From cars to cellphones, batteries are on everyone’s mind. Ironically, this component that was once overlooked can now make or break a design and a reputation. To complicate things, the increased popularity of wearable and IoT devices means engineers face a new set of challenges and restrictions. Batteries and their charging solutions must be smaller, more efficient, denser, without needing a charging port on the device that would cause the whole design to lose its water-resistant certification or become vulnerable to dust. To satisfy these new constraints, ST has released a wireless battery charger transmitter () and receiver ( ) that offer very high efficiency with only a coil of only 1 cm diameter and some unique features. To more quickly and easily take advantage of this solution, ST also provides an evaluation board ( ) that contains these two components and tools to reduce development times.
Wireless charging, also known as inductive charging, is certainly not new since it is based on Faraday’s law of induction and Nikola Tesla first experimented with its principles in the 1890s. Very simply, chargers use a transmitter that draws current from a power source (wall socket, USB port, etc.) to send it to a coil to induce an electromagnetic field. Then, the receiver found in the device comes in close proximity so its coil can “pick up” the transmitter’s field. In other words, the receiver’s coil starts to resonate at the same frequency to generate an electrical current that will power the system or charge a battery.
Flexible Wireless Charging Receiver
Until recently, wireless charging technologies were inefficient and difficult to implement, often resulting in bulky devices that only worked with very specific sets of chargers. The STWLC04 1 W wireless charging receiver from ST changes all that. The chip only measures 3.12 mm x 4.73 mm, its step-down converter has a 90 % efficiency, and its compliance with the market standard means that it will work with the vast majority of transmitters already shipped.
One feature that separates the STWLC04 from the competition is the embedded 32-bit microcontroller that uses a 16 KB ROM and a 2 KB RAM, which is far more advanced than most receivers sold today. Not only does it allow greater control to ensure stable operations, but custom settings can be stored in memory. As a result, the STWLC04 can either be autonomous or controlled by a host, and it can either function as a voltage source with a regulated output of 5 V, or serve as a lithium-ion or lithium-polymer battery charger, offering engineers unparalleled flexibility.
Efficient Wireless Charging Transmitter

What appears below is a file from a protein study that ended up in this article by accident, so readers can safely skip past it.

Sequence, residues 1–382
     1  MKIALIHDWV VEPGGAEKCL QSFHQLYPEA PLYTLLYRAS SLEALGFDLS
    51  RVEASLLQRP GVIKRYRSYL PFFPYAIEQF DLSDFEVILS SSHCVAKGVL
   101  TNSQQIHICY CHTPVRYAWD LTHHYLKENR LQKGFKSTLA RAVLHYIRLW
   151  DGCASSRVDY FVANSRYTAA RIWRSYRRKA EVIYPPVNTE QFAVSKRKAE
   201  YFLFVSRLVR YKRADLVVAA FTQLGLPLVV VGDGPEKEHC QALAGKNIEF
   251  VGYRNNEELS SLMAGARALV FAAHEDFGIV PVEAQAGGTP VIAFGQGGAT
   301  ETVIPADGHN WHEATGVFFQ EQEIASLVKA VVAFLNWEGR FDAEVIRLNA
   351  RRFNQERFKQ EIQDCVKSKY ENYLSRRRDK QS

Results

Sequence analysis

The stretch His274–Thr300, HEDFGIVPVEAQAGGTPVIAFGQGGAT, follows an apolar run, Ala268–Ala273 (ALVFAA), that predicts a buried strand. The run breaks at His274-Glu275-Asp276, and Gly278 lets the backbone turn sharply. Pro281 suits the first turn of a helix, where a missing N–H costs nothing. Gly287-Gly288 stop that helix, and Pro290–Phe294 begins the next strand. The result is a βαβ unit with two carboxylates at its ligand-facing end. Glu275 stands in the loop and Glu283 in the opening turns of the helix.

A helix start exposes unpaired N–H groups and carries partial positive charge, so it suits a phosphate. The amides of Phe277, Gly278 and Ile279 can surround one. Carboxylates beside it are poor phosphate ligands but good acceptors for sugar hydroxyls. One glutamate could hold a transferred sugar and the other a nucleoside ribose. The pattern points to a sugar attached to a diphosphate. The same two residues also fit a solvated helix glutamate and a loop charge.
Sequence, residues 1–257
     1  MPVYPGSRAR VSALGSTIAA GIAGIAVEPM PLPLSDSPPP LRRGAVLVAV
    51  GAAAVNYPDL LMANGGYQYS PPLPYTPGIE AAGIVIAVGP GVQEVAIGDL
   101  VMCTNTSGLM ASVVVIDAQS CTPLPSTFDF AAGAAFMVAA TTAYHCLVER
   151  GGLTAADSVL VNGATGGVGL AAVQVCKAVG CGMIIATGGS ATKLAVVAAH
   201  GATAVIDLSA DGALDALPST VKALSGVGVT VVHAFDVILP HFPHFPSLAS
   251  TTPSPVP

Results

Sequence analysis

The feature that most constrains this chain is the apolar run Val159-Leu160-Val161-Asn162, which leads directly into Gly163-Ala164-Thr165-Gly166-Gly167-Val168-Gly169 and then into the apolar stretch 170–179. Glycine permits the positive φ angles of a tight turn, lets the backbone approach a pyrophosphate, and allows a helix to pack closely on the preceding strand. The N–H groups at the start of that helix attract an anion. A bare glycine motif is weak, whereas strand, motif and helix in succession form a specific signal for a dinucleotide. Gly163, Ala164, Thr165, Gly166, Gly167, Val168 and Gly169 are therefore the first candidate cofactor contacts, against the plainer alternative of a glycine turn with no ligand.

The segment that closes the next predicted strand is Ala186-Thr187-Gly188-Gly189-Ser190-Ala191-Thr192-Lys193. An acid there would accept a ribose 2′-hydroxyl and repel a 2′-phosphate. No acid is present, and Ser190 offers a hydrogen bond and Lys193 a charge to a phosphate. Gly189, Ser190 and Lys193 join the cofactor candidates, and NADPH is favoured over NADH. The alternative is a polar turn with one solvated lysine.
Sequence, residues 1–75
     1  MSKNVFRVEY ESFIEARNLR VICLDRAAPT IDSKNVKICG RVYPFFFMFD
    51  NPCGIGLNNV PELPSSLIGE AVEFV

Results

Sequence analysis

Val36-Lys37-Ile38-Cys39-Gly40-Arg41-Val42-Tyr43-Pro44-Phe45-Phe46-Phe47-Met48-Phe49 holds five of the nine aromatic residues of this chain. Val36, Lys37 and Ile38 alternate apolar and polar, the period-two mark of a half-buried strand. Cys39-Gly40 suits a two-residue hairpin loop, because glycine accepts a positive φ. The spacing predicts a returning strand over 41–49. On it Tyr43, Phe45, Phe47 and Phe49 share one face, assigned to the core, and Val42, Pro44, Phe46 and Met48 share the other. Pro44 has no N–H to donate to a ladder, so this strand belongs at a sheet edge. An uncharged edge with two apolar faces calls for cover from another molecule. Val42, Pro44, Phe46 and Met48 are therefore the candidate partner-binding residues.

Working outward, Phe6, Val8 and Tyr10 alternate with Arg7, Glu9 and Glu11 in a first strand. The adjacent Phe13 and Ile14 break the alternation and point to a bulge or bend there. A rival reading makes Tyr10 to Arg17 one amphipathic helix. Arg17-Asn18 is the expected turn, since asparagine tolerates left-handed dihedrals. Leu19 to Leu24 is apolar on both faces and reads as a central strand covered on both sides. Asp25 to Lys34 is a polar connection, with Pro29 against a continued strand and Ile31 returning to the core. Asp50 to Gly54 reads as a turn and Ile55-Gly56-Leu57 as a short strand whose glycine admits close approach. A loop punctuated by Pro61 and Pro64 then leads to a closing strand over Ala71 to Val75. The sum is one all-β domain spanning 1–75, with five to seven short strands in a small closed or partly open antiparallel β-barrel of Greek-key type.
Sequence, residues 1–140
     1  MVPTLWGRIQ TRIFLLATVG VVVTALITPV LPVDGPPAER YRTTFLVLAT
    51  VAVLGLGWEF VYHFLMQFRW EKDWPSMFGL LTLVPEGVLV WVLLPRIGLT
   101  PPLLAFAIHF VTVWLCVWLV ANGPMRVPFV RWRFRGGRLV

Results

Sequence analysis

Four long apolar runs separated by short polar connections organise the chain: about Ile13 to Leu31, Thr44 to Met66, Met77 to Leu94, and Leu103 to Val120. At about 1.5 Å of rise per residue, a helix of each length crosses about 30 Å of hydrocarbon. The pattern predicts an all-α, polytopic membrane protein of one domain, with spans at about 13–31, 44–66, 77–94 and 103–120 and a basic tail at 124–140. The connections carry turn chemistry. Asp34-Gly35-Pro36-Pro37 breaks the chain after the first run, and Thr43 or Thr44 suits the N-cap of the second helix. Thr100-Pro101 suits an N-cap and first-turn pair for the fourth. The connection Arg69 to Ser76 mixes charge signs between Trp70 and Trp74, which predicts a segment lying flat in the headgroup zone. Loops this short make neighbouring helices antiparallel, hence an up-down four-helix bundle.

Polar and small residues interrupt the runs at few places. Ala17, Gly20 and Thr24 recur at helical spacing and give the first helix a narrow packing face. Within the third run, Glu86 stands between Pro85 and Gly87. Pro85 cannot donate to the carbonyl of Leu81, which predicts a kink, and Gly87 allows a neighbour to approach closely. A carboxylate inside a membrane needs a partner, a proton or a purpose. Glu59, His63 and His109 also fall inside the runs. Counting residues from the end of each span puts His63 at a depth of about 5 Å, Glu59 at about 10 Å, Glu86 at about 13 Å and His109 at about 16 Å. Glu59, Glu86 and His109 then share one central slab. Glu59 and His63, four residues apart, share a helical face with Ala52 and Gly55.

ST is also one of the few companies to have designed a transmitter that work alongside its receiver and extend the notion of design flexibility to the charger. As such, the STWBC-WA offers great scalability, meaning it can either be setup to support half-bridge topologies for up to 1 W power levels or use larger coils and full-bridge topologies for up to 3 W power levels. Furthermore, the presence of integrated drivers simplifies designs and reduces costs because no other external component has to be placed between the MOSFETs and the transmitter.
The STWBC-WA works with USB power supplies so engineers will be able to offer USB charging without needing to adjust or revise their designs. It is also able to monitor the power levels required by the receiver. As the device’s battery becomes full, the transmitter modulates the electromagnetic field to reduce waste and improve efficiency as well as operating temperatures.
Plug and Play
Finally, ST has packed both receiver and transmitter into a great development kit, the STEVAL-ISB038V1, that comes with a graphical interface to allow engineers to quickly configure their system as well as monitor behavior, which lowers the learning curve. ST also provides a guide that will facilitate the tuning process and documentation is available to quickly start development. Since there are no drivers to install, one can just plug the board to a Windows PC using the USB port and start experimenting.
Engineers will thus be able to test the different features and safety measures implemented. For instance, the Foreign Object Detection ensures that metallic objects do not accidentally trigger the transmitter or receiver, which could have damaging effects. There are also thermal protections in place to prevent the device from overheating.
You can find more information about ST’s battery chargers and power solutions by visiting its website.